The Emperor's visit to Kyoto University

At Kyoto University Yoshida (headquarter) campus, two thousand students/school personnel gathered, before the arrival of the Emperor, at an open space in front of the university headquarter building (clock tower) (refer to the picture) in order to see (or welcome) the Emperor. In front of a gate at the Yoshida branch school (campus of the Faculty of Integrated Human Studies), a signboard, whose size was three meters long and two meters wide, stating "Our pleas to the Emperor" was put up. At this time, someone on board a vehicle for the Mainichi Newspapers played "Kimigayo" (Japan's national anthem), and some students who were offended by it started to sing an antiwar song "Heiwa wo mamore" (maintain peace) and many students joined forces with them.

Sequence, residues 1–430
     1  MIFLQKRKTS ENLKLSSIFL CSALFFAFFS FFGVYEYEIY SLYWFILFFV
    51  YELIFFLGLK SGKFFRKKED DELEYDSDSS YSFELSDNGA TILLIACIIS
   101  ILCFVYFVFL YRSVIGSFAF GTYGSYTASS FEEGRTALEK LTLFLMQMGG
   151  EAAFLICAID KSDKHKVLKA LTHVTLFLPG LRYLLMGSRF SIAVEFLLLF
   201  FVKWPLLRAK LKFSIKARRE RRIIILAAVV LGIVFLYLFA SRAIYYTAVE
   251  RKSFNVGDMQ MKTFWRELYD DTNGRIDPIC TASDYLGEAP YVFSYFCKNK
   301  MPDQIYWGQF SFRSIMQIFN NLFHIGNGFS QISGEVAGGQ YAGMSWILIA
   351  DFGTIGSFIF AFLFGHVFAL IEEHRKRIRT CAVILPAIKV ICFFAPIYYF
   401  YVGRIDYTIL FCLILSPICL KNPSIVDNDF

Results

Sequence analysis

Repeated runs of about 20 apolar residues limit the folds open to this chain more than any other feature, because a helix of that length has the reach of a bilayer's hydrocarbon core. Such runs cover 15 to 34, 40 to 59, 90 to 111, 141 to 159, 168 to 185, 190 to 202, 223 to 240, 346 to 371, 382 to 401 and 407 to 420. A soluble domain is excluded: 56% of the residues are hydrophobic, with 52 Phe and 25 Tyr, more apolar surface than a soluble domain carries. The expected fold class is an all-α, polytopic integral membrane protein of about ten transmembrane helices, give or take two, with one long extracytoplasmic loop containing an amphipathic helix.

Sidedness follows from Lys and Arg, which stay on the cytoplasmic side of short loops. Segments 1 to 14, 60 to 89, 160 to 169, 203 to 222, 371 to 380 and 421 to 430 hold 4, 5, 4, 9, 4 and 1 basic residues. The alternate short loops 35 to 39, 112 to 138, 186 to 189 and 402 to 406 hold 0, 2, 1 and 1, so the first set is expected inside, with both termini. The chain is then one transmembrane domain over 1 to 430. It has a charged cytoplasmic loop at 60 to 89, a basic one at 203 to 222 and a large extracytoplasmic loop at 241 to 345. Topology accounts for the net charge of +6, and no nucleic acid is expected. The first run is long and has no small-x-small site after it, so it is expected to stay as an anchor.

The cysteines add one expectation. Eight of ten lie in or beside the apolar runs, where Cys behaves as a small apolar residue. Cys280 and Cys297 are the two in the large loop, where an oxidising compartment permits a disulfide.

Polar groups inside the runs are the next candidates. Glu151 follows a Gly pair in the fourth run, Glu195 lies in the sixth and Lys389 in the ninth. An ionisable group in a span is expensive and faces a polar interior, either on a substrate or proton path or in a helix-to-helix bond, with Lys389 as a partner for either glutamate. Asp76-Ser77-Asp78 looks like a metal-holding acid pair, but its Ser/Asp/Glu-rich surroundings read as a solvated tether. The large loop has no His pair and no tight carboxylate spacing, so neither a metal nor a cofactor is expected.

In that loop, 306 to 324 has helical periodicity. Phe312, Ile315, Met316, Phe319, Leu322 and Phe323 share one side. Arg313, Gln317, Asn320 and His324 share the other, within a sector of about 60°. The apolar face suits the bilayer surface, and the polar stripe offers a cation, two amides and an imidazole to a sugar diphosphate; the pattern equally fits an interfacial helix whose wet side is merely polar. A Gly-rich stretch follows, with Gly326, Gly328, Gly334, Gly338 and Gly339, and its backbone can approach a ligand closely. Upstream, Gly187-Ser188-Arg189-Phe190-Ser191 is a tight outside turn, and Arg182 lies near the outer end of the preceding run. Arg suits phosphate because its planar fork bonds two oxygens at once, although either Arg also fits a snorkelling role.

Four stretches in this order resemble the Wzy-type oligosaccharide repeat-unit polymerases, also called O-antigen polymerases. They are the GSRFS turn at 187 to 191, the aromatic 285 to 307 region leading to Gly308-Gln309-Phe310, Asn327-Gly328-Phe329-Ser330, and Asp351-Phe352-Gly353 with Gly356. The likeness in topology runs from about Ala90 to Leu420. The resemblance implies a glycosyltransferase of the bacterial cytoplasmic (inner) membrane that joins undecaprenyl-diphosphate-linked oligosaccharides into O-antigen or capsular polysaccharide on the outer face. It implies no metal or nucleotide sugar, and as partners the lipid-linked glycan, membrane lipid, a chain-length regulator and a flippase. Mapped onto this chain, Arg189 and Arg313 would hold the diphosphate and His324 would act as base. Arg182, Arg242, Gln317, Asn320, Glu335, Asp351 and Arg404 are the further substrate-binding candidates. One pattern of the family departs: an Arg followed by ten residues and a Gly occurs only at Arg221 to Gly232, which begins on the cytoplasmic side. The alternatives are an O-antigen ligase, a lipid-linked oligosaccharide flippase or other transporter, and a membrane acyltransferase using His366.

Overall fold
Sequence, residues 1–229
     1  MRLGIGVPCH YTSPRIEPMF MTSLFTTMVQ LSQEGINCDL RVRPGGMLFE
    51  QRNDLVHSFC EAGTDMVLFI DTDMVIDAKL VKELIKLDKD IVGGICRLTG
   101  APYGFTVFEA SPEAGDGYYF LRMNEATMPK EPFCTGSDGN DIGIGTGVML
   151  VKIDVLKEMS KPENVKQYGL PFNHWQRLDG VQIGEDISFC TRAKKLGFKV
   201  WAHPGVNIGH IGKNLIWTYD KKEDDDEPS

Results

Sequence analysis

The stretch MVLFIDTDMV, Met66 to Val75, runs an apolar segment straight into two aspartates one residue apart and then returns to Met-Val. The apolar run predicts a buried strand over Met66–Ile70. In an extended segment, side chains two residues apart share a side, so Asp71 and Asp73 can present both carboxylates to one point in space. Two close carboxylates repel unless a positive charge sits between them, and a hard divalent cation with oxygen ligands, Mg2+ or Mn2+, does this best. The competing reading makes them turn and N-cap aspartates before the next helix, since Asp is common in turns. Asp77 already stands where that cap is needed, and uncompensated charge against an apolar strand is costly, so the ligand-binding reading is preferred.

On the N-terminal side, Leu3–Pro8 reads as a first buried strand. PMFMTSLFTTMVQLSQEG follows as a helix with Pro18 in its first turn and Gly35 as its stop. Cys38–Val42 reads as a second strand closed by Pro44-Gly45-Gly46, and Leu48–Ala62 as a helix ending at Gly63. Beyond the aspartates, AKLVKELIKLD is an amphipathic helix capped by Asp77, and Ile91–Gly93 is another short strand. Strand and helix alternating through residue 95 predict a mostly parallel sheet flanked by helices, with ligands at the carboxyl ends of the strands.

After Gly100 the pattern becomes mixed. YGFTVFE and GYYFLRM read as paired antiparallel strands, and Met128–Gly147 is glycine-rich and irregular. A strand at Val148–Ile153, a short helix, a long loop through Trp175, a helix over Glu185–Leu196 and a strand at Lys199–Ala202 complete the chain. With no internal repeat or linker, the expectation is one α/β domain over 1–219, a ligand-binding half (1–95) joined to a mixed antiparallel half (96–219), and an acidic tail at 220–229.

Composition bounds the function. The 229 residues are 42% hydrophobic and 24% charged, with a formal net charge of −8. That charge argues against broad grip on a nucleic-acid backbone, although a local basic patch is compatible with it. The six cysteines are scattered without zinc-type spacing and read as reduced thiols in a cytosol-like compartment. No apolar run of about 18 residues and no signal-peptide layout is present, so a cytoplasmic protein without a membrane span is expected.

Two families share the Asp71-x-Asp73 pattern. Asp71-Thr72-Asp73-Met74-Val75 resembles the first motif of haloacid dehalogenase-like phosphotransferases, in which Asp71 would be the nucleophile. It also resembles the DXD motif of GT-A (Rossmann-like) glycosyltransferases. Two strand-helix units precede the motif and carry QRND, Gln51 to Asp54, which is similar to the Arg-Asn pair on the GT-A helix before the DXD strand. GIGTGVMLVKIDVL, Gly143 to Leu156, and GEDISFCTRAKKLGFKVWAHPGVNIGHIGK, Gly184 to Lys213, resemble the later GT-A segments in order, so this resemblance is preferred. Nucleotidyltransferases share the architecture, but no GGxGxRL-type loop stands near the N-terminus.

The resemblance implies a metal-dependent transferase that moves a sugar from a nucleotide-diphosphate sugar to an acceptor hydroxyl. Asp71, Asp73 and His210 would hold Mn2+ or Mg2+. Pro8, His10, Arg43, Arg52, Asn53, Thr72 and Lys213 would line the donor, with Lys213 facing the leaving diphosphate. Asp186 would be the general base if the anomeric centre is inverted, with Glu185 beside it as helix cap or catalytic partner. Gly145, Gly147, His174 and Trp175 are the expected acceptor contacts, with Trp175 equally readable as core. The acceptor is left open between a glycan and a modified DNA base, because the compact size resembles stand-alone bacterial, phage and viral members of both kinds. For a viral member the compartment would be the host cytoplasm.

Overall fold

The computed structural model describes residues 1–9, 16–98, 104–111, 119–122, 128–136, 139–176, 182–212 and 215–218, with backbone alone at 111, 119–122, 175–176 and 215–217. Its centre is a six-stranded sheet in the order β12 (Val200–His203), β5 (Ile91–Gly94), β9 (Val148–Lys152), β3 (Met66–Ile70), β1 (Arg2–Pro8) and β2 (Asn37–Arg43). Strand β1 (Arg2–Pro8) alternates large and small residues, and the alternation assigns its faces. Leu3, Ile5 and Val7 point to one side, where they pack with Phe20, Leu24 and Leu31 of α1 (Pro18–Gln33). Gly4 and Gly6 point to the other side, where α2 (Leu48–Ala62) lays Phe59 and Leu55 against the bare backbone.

The Emperor arrived by car at 1:20 pm in an atmosphere of disquiet and entered a conference room in the headquarters in order to have a briefing. According to Yukitoki TAKIGAWA (he later became the president of Kyoto University), who was one of lecturers, students who were carrying a placard asserting the abolition of Imperial system rushed to the front entrance at this time. As students continued to sing the antiwar song while the Emperor was in the building and the number of students increased further, a large group of people gathered in front of the clock tower and eventually blocked the Emperor's car. The authority of the university asked for the dispatch of police force to the campus in order to secure the path for the Emperor's departure. Being surrounded by the students' voices and songs of protest, the Emperor left Kyoto University after 2 pm through a throng of policemen. In the meantime, students (except for those who took radical action while carrying the above-mentioned placards) were singing together while looking across at the Emperor's party and didn't take any actions to hinder them. Also, as there were no clashes (brawls) between students and the police force with the exception of some jostles, no one was arrested.

"Open letter" from students